Happy Indigenous People’s Day. We start off with the reinstatement of Texas’ abortion law. Next we have an espionage story before closing with a report from Propublica about the systemic arrests of Black children in Tennessee for nonexistent crimes. Resources/Articles mentioned in this episode: AP News: “Biden is first president to mark Indigenous Peoples’ Day” NPR: “Federal appeals court temporarily reinstates Texas’ 6-week abortion ban” AP News: “Navy nuclear engineer charged with trying to pass secrets” ProPublica: “Black Children Were Jailed for a Crime That Doesn’t Exist. Almost Nothing Happened to the Adults in Charge”
The debt ceiling fight is officially over (for now). Unfortunately we have to talk about the insurrection and the status of the congressional committee that is currently investigating it. Google and YouTube announced a new policy yesterday that prevents creators who post climate misinformation from being able to monetize their content on its platforms via ads or creator payments. But can you really deny climate change when at least 4 people were killed in flash floods in Birmingham Alabama and nearby areas? Finally, 8 former NBA players were charged with defrauding the NBA’s health and welfare benefits in a scam that earned them about 2.5 million dollars illegally. Resources/Articles mentioned in this episode: AP News: "Default crisis dodged — for now — with Dem-GOP debt accord" Politico: "Trump tells 4 former aides to defy Jan. 6 committee's subpoena" Axios: "Google, YouTube to prohibit ads and monetization on climate denial content" NPR: "At least 4 people have died as flash floods swamp Alabama" NPR: "18 former NBA players are charged in a $4 million health care fraud scheme"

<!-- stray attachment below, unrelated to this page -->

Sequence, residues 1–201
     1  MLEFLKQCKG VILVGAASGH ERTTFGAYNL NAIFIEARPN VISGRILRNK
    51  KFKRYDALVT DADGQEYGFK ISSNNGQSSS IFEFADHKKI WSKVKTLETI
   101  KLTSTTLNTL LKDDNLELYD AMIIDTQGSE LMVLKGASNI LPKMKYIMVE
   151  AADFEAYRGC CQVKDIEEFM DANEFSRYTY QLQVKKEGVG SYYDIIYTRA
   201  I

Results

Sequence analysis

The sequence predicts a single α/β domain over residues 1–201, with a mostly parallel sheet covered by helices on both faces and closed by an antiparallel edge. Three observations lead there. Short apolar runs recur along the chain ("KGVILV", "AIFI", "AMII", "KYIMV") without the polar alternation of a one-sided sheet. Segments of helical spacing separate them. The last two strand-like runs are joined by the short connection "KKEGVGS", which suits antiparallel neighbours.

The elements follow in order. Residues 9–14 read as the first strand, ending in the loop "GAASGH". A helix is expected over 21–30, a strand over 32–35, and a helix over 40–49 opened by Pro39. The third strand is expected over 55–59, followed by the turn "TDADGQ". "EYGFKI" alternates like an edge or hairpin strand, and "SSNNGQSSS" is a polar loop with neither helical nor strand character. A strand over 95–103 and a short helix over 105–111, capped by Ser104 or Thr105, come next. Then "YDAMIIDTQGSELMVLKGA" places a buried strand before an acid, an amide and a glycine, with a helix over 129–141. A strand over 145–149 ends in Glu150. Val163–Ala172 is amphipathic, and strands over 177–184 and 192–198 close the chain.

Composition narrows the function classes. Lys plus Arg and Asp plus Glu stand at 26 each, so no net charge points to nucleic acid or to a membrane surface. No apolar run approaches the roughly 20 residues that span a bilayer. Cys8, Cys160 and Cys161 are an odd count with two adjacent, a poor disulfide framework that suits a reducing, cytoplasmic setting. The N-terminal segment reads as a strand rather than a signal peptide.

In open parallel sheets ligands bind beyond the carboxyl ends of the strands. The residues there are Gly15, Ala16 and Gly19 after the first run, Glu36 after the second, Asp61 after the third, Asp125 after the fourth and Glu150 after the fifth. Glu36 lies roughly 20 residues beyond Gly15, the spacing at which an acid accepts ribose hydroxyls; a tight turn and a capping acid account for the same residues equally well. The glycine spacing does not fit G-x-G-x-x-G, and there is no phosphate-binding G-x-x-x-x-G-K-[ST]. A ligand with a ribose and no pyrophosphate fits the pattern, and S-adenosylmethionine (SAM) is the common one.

Our first update this morning is on the debt ceiling negotiations. Next we move to a school shooting at a high school in Arlington, Texas, the World Health Organization's official approval of the first malaria vaccine, and some unsettling news involving phone provider AT&T. Lastly, we wrap with the temporary block of Texas' controversial abortion law. Resources/Articles mentioned in this episode: Washington Post: "Senate Democrats appear open to short-term debt ceiling reprieve from GOP" CNN: "A suspect is in custody in the Texas school shooting that left at least 4 people injured" NY Times: "First Malaria Vaccine Approved by W.H.O." Daily Beast: "We Can All Thank AT&T for the Rise of Pro-Trump One America News, Report Says" NBC News: "Federal judge temporarily blocks enforcement of Texas law banning most abortions"